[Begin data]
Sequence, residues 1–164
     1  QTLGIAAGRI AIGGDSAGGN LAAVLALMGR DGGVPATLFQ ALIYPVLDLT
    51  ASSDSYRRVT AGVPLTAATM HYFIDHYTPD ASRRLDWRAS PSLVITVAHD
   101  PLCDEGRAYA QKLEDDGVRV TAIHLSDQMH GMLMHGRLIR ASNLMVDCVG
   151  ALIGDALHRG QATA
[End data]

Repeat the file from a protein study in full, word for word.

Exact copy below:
Sequence, residues 1–164
     1  QTLGIAAGRI AIGGDSAGGN LAAVLALMGR DGGVPATLFQ ALIYPVLDLT
    51  ASSDSYRRVT AGVPLTAATM HYFIDHYTPD ASRRLDWRAS PSLVITVAHD
   101  PLCDEGRAYA QKLEDDGVRV TAIHLSDQMH GMLMHGRLIR ASNLMVDCVG
   151  ALIGDALHRG QATA